“And you, having been dead in your the trespasses and sins, in which you once walked according to the fashion of this world, according to the ruler of the authority of the air, the spirit which now works in the sons of disobedience.”
Shall we simply begin with the notion of being dead in our trespasses? One might think that this is but a simple phrase or idea, yet the consequences of this idea are far ranging in the life of the church today. So Paul speaks to these Christians and tells them that they were once “dead in their trespasses and sins.” Clearly they were alive on a physical level, and so, it is of spiritual life and death that Paul speaks.
Jesus says that lest you be “born again” you cannot see the kingdom of God (John 3:3). John speaks of the believer as one who has passed from death to life and that the love of the brethren is the outward sign of this inward change (1 John 3:14). Similarly, Paul writes that those who indulge themselves in their pet sins are dead even though they are spiritually alive (1 Timothy 5:6) and that those who have been raised with Christ (a reference to the resurrection) will seek things where Christ is (Colossians 3:1-4). It should be said that even earlier in Colossians, Paul wrote of those who were dead in their sins (Colossians 2:13) and that those who are born again are rising from the dead in a spiritual sense (Ephesians 5:14…note that the language of being dead in our trespasses also shows up again in verse 5 of this same chapter). In many ways, it is a reminder of Psalm 80:18 which prays to God that he should give life to his people so that his people will praise his name — a reminder that another litmus test of genuine faith is genuine and sincere worship. There is no spiritual life apart from God and thus, prior to the regeneration worked upon us by the Holy Spirit, we are dead before Him.
The notion is a fairly simple one and one that can be traced through the Scriptures. So, why would people contest it? Sometimes they contest it even without knowing it. Think of it this way: can a dead man do anything on his own? One of the responsibilities that goes along with being a pastor has to do with caring for those who have lost loved ones to death. I do not wish to sound disrespectful or discourteous, but the dead can do nothing on their own. So, if we are going to extend the analogy, it should be vigorously asserted that those who are dead in their sins can do nothing to serve themselves or benefit their spiritual life; there must be a supernatural work of God that is wholly done by God and God alone.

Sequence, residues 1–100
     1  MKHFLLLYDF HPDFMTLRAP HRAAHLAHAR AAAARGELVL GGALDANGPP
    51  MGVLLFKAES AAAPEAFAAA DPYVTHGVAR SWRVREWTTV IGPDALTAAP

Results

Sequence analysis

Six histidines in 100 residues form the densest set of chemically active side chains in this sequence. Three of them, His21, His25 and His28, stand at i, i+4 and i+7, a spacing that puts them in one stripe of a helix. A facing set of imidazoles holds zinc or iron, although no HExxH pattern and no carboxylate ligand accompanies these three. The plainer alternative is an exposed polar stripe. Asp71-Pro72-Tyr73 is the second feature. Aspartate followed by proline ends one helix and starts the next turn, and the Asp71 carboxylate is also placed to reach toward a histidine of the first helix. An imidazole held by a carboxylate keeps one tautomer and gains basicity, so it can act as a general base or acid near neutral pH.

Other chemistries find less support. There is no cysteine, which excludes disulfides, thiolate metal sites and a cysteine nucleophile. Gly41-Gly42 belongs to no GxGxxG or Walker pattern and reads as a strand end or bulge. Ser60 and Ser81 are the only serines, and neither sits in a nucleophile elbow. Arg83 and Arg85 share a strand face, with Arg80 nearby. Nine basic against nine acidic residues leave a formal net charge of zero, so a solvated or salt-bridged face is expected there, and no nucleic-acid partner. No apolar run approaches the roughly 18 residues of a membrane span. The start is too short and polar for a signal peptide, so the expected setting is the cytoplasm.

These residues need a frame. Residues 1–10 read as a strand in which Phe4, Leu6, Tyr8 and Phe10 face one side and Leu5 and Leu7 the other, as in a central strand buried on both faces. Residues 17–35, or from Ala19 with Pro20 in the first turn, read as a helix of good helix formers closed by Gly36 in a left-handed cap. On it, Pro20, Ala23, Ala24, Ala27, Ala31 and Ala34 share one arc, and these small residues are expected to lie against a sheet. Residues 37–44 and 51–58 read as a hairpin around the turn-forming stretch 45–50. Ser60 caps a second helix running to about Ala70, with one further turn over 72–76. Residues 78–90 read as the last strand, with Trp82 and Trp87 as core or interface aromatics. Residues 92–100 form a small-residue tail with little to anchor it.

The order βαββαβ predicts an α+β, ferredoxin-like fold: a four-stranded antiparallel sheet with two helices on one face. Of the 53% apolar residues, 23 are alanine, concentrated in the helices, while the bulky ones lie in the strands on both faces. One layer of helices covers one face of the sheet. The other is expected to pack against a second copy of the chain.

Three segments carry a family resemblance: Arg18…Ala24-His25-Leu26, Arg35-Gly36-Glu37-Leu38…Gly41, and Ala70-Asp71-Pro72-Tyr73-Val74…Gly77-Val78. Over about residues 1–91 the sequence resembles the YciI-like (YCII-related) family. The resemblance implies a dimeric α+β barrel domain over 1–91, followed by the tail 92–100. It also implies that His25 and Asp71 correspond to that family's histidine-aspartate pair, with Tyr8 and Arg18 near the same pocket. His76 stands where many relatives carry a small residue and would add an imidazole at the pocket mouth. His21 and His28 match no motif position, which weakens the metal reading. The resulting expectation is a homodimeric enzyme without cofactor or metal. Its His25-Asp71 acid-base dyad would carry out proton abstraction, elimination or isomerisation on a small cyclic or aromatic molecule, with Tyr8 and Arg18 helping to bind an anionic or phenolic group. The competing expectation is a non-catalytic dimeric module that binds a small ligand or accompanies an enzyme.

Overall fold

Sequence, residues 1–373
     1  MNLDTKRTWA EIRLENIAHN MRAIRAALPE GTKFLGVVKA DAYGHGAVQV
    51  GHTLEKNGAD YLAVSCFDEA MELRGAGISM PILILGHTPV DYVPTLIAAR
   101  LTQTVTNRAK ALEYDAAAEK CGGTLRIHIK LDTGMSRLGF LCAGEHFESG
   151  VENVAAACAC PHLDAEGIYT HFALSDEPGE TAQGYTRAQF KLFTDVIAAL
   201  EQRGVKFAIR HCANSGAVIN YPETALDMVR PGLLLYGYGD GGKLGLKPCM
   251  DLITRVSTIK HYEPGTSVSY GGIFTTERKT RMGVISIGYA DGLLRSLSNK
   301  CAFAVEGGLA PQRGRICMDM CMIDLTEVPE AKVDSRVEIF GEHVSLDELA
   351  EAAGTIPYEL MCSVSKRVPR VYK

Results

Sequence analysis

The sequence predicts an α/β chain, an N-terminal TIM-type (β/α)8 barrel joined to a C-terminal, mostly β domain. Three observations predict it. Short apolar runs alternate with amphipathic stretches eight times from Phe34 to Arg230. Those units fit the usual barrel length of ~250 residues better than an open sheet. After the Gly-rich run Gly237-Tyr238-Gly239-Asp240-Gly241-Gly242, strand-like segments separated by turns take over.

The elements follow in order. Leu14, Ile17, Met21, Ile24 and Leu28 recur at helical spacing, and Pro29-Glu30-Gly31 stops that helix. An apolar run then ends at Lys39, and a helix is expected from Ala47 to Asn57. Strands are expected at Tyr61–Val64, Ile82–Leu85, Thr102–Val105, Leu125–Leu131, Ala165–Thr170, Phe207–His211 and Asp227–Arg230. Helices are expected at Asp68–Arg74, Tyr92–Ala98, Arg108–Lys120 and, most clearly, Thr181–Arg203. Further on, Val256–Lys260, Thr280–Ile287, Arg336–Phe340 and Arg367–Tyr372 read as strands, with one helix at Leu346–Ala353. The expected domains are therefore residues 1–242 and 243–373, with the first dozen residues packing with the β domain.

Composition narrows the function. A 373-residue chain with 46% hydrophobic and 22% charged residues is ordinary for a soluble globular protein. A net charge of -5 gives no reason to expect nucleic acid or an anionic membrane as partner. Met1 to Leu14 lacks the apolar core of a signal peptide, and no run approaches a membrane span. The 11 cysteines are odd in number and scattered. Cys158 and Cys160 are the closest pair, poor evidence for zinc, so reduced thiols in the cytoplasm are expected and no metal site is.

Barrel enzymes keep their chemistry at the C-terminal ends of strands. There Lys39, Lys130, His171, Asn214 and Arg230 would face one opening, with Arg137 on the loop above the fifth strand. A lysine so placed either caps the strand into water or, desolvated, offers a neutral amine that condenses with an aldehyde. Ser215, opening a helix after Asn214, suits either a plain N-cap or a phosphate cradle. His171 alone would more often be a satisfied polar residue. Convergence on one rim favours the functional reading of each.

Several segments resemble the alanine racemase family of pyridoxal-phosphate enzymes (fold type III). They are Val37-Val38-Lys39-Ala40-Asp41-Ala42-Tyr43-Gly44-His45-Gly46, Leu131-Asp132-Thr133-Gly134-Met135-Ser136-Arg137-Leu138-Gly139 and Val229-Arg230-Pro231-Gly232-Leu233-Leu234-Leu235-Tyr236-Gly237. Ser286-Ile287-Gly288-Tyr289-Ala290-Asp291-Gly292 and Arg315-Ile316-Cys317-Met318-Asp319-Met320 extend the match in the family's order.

Even so, many in the church follow more of a Wesleyan or Arminian line of thinking about those who are spiritually dead. Instead of dead, they view the person who is not yet regenerated as being spiritually very sick. They still insist that God must do a supernatural work, but they also insist that God only works on those who first choose him. But if a person is able to make a choice — if a person is able to do anything — they cannot be spoken of as being dead, can they? And thus, many Christians, hoping to preserve the illusion that they have a free will to choose or reject the mercies of God, will deny this very clear language that the Apostle uses, suggesting that “dead” doesn’t really mean “dead.”
No, beloved, dead means dead and a dead man can do nothing to either aide or harm himself. And those who are spiritually dead are just that; they are spiritually dead, unable to either aide or harm themselves spiritually. A supernatural work of God must take place. And that means that God does not work because man asked him to work; God works because in his eternal decree, he chose to work in the life of said person, whomever that person may be. It is about God’s doing, not ours. He chose to save us, we did not choose him. If you feel as it you did choose Him at one point, it is only ever because you were responding to the work he was already doing in you. God is sovereign over your salvation if you are saved; you are not. To argue otherwise is to do a disservice to the text.